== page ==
We’ll talk about how you can use lossless further below. If you want to learn more about this topic, we have a detailed article on lossy vs lossless image compression.

Regardless of your situation, it’s always a good idea to make informed decisions. Use analytics tools like Google Analytics to find out which browsers/browser versions, operating systems, and other tech your visitors are using.

With this, you can see if AVIF and WebP are compatible with their setups. For example, if a lot of your users are on outdated Android phones that don’t support AVIF, making the switch may not be the best idea.

Either way, when using web tech like WebP and AVIF that aren’t universally supported, always set up image fallbacks, or let Imagify do it for you.

How to Convert Images to WebP and AVIF

Whether you decide to go for WebP or AVIF, you know what your next big task is: converting each and every image on your site to your desired format. But doing this on your own is time-consuming.

Imagify also addresses this issue. It instantly converts all images on your site, as well as future images you upload. This saves you time and makes the process a breeze.

Here is how it works.

Step 1: Install and Set Up Imagify

The first thing you need to do is install Imagify. For that, head over to Plugins > Add New on your WordPress site and search for it by name. Click Install, then Activate to enable the plugin.

You need to create a free account to use Imagify, and you’ll see a banner pop up prompting you to do so once the plugin is installed. But you can also head straight to Settings > Imagify and click Create a Free API Key to get started.

An email pop-up will appear; enter your email address and click Sign Up. Then check your inbox – you can finish signing up for your Imagify account and set your password now, or just copy the API key out of your email.

Paste the API key into the box on Imagify’s settings page and click Save Changes. If all is well, you’ll receive your confirmation, and the page will reload, unlocking Imagify’s full functionality.

You may wish to look through the settings and enable or disable certain ones. For example, if you’re a photographer displaying your work, enabling the Lossless Compression setting is a good idea. More information is available in the documentation.

Step 2: Enable WebP and AVIF With Imagify

Next, it’s time to get WebP or AVIF images working on your website. Imagify can handle either one, so you can serve your visitors whichever next-gen image format you prefer.

Still on the Settings > Imagify page, tick Display images in Next-Gen format on the site to replace the traditional PNGs, JPGs, etc., on your website with a modern image format.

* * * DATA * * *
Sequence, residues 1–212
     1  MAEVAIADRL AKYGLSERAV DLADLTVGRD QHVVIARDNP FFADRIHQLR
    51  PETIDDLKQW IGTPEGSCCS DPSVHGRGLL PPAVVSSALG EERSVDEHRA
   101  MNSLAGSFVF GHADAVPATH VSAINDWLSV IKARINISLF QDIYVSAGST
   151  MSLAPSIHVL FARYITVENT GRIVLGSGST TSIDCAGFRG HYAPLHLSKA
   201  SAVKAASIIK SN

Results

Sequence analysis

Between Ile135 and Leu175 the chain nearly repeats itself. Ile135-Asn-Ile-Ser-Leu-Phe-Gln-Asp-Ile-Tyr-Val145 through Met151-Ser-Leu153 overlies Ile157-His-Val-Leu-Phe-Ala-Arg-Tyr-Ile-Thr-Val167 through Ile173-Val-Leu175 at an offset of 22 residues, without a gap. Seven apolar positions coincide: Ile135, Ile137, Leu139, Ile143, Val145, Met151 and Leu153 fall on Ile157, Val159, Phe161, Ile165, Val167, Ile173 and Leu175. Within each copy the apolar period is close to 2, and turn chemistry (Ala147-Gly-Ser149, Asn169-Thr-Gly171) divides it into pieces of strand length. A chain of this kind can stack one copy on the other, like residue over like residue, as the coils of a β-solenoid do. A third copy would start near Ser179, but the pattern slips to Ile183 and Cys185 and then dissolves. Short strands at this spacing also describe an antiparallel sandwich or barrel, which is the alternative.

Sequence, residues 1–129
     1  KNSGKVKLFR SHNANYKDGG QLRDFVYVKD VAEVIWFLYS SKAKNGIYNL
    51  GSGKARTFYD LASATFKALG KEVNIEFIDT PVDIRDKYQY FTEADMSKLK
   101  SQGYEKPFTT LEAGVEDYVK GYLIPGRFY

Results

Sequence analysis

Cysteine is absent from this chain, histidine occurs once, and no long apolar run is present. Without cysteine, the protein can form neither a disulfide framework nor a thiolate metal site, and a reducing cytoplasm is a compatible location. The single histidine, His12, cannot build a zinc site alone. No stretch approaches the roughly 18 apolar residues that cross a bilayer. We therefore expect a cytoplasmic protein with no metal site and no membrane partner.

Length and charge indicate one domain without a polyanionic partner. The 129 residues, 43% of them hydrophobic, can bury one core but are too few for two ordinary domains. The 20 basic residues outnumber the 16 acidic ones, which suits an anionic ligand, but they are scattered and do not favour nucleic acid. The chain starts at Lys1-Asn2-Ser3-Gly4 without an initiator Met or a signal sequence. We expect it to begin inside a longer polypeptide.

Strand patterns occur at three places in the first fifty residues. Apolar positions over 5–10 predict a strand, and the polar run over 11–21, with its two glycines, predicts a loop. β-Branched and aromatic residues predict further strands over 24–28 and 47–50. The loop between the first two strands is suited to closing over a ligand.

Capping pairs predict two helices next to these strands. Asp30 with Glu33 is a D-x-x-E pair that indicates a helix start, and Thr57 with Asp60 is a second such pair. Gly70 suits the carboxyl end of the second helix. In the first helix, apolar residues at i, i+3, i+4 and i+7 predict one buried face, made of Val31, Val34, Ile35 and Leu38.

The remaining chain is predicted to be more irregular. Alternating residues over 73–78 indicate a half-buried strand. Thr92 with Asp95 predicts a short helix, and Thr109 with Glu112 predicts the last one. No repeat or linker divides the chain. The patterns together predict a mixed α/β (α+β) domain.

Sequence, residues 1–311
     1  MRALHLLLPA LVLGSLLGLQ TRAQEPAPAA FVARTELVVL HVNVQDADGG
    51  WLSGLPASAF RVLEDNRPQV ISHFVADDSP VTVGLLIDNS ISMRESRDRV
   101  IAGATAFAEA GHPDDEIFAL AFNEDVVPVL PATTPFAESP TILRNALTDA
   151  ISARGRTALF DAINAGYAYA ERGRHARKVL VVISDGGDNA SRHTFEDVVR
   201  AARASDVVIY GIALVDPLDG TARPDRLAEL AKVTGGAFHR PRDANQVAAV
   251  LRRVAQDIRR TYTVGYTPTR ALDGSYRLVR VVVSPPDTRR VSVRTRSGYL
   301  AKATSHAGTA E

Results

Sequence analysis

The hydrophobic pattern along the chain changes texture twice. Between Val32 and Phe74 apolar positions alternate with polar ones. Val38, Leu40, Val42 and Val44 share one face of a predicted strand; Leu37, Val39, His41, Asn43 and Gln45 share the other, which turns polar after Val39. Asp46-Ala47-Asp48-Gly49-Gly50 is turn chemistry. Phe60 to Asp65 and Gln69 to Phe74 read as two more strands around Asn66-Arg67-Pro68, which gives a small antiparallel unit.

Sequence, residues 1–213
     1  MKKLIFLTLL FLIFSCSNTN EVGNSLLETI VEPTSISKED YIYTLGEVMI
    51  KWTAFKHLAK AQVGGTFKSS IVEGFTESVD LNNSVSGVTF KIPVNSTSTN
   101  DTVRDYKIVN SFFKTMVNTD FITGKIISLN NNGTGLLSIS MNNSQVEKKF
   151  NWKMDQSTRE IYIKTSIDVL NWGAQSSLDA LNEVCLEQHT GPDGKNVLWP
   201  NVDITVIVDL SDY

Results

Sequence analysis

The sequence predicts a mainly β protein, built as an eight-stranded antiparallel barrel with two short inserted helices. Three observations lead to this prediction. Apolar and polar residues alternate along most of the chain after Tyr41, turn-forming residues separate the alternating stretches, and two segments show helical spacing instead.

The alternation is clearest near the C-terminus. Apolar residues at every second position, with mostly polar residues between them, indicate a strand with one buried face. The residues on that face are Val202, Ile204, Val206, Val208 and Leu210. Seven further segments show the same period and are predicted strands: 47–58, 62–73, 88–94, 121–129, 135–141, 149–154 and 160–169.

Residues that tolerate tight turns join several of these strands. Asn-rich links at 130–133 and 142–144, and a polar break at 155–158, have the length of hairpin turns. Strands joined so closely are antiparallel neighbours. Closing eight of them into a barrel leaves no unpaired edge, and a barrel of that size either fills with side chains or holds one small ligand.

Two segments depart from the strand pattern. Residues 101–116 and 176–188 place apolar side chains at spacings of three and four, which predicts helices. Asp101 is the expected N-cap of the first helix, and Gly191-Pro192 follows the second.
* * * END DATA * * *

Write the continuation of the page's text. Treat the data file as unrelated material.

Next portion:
After that, you need to choose AVIF vs WebP. If you want to use WebP images, you don’t need to do anything! Imagify will create and serve images in this format to your visitors automatically. You don’t have to lift a finger.

Should you prefer AVIF, that’s just easy: simply tick the box that says Create AVIF versions of images.

Click Save Changes to make your decisions permanent. If you ever want to go back to just WebP versions of your images, simply uncheck the box and save again. 

Step 3: Convert Images to WebP or AVIF With Imagify

If you already have images on your site, the fastest way to optimize them is to go to Media > Bulk Optimization.

Here, Imagify shows you the state of image optimization on your site and gives you the option to convert and improve all images at once. Just pick your desired level of compression from the drop-down menu under Optimize your media files, and then click the big blue button at the bottom to start the process.

By default, it’s just for the WordPress media library. You can add your theme and other server directories in the Imagify settings.

Once finished, the Bulk Optimizer will show you that all of your images have been optimized and how much space you have saved.

In addition, you can process individual images by going to Media > Library and clicking Optimize next to your visual of choice.

Finally, any images you upload to your site will also be converted and compressed by default. No action needed on your part. 

Final Thoughts: AVIF vs WebP

Deciding whether to use AVIF or WebP images on your website is an important decision. You need the right tool for the job depending on if your priority is image quality, file size, or wide browser support.

Above, we have given you important pointers to make that choice for your own site. Don’t be afraid to experiment a bit to find the right image compression for you.

Aside from that, if you are looking for an effective tool to optimize and convert the images on your WordPress website automatically and in bulk, give Imagify a try!

Imagify, decrease the size of your images, increase the speed of your website: try it for free